Rahaf Mohammed al-Qunun: why Saudi teenager barricaded herself in Thai hotel
The 18-year-old says she is seeking asylum in Australia after renouncing Islam and ‘will be killed’ if sent home
A Saudi woman who barricaded herself in an airport hotel room in Thailand and pleaded for help on social media has been told she will not be deported to her home country.
Rahaf Mohammed al-Qunun, 18, fled her family while they were visiting Kuwait and planned to seek asylum in Australia, the BBC reports. However, she says she was stopped yesterday during a stopover at Bangkok Suvarnabhumi Airport and told by Thai authorities she would be put on a flight back to Kuwait on Monday morning.
Thailand’s immigration chief, Surachate Hakparn, confirmed to Paris-based news agency AFP that al-Qunun had been denied entry after flying in on Sunday. “She had no further documents such as return ticket or money,” he said.
But when officials went to retrieve her from a transit zone hotel earlier today, she barricaded herself in her room and refused them entry. Officials subsequently announced that she had missed her deportation flight.
The teenager also posted a series of videos on Twitter claiming that if she is returned to her home country, her family will kill her.
Al-Qunun added that her cousin had already threatened to “slaughter” her.
She repeatedly stated that she “wants UN” intervention, referring to the United Nations High Commissioner for Refugees (UNHCR), which deals with refugee and asylum cases for the international body.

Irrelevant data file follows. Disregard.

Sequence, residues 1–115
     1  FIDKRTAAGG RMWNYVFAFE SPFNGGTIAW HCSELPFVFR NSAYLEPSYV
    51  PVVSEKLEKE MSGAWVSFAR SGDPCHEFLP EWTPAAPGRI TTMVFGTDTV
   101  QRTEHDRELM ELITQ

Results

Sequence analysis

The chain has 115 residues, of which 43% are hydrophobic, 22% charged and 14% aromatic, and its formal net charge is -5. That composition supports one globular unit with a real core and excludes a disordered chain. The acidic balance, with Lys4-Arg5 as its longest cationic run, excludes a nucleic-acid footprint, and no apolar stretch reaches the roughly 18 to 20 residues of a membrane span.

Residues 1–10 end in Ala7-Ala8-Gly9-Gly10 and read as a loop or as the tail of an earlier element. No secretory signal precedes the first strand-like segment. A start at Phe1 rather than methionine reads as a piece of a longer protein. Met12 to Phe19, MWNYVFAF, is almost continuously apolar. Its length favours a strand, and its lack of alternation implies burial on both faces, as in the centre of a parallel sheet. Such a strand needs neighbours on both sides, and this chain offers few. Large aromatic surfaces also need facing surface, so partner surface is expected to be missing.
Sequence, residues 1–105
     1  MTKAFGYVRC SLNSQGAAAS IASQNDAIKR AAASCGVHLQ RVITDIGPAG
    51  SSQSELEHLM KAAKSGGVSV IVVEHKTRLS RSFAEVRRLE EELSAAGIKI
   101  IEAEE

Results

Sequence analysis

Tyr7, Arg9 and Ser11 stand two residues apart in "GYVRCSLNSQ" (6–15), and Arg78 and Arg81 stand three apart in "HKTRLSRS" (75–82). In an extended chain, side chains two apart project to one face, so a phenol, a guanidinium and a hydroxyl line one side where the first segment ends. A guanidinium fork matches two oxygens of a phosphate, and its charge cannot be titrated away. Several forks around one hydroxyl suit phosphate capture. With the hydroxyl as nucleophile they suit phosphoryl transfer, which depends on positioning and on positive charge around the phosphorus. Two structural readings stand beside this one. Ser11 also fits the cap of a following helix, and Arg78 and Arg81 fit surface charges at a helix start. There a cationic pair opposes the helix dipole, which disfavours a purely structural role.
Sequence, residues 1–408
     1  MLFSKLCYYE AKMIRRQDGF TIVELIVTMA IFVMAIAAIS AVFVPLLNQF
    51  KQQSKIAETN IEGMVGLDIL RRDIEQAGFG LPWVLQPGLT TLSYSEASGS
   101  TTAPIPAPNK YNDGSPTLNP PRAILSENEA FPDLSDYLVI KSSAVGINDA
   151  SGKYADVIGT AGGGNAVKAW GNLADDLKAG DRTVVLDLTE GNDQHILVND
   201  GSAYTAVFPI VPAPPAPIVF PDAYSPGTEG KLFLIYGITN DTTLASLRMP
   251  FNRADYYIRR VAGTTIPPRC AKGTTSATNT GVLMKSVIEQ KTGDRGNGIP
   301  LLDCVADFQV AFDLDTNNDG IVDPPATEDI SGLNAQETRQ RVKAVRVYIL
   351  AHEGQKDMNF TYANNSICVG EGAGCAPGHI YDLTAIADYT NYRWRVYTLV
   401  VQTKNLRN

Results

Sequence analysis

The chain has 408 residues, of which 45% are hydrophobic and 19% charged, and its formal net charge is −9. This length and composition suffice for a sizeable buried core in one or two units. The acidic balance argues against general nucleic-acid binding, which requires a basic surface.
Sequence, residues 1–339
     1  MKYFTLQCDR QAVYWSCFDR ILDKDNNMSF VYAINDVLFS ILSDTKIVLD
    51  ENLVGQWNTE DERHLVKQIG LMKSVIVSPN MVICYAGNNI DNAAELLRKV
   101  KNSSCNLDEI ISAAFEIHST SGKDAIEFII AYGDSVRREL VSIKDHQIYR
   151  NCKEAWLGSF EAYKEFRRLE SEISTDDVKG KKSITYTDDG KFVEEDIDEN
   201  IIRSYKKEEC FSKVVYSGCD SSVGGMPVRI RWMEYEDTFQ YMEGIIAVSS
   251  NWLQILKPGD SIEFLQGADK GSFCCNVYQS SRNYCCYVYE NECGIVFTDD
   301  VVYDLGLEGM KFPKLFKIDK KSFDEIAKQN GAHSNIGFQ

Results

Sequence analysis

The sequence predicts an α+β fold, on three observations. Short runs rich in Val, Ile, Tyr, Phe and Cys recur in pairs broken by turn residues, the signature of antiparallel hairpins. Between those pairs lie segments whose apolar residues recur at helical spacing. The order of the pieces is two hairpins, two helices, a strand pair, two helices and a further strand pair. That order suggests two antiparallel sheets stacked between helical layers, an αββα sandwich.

Al-Qunun told the BBC that she had renounced Islam.
In texts and phone messages to Reuters, she said: “My brothers and family and the Saudi embassy will be waiting for me in Kuwait. They will kill me. My life is in danger. My family threatens to kill me for the most trivial things.”
Human rights campaign groups and foreign authorities have voiced worries about al-Qunun’s welfare, The Daily Telegraph reports.
Phil Robertson, deputy director of Human Rights Watch in Asia, accused the Thai authorities of a “heartless lack of concern” for the teenager and of “stonewalling” the UNHCR over her asylum claim.
Georg Schmidt, the German ambassador in Bangkok, also expressed “grave concern” about her plight.
Meanwhile, The Guardian says that a 20-year-old friend of al-Qunun has backed up her claims. The unnamed woman, who reportedly moved from Saudi Arabia to Australia recently, told the newspaper: “She’s ex-Muslim and has a very strict family, they’re using violence with her and she faced sexual harassment. She received a threat from her cousin – he said he wants to see her blood, he wants to kill her.”
Early this morning, ABC reporter Sophie McNeill tweeted that UN representatives had arrived and had given their word that she would be safe and would remain in their custody.
Immigration chief Hakparn later said: “She is now under the sovereignty of Thailand, no one and no embassy can force her to go anywhere. We will talk to her and do whatever she requests. Since she escaped trouble to seek our help... we will not send anyone to their death.”